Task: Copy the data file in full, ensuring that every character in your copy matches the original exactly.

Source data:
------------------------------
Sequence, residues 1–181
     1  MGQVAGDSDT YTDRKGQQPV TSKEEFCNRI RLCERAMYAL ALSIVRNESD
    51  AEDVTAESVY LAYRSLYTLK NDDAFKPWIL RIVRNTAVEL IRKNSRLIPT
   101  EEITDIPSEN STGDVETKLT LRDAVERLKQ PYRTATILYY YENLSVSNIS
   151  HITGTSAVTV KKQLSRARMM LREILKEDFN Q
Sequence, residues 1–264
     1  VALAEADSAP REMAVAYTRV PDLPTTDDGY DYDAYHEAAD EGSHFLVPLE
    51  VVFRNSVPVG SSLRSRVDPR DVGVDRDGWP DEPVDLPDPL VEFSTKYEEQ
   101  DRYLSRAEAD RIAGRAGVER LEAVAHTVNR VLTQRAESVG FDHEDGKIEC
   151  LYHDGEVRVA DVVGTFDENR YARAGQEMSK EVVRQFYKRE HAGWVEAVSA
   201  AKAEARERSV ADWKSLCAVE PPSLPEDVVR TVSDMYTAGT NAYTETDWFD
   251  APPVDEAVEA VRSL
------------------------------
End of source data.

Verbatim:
Sequence, residues 1–181
     1  MGQVAGDSDT YTDRKGQQPV TSKEEFCNRI RLCERAMYAL ALSIVRNESD
    51  AEDVTAESVY LAYRSLYTLK NDDAFKPWIL RIVRNTAVEL IRKNSRLIPT
   101  EEITDIPSEN STGDVETKLT LRDAVERLKQ PYRTATILYY YENLSVSNIS
   151  HITGTSAVTV KKQLSRARMM LREILKEDFN Q
Sequence, residues 1–264
     1  VALAEADSAP REMAVAYTRV PDLPTTDDGY DYDAYHEAAD EGSHFLVPLE
    51  VVFRNSVPVG SSLRSRVDPR DVGVDRDGWP DEPVDLPDPL VEFSTKYEEQ
   101  DRYLSRAEAD RIAGRAGVER LEAVAHTVNR VLTQRAESVG FDHEDGKIEC
   151  LYHDGEVRVA DVVGTFDENR YARAGQEMSK EVVRQFYKRE HAGWVEAVSA
   201  AKAEARERSV ADWKSLCAVE PPSLPEDVVR TVSDMYTAGT NAYTETDWFD
   251  APPVDEAVEA VRSL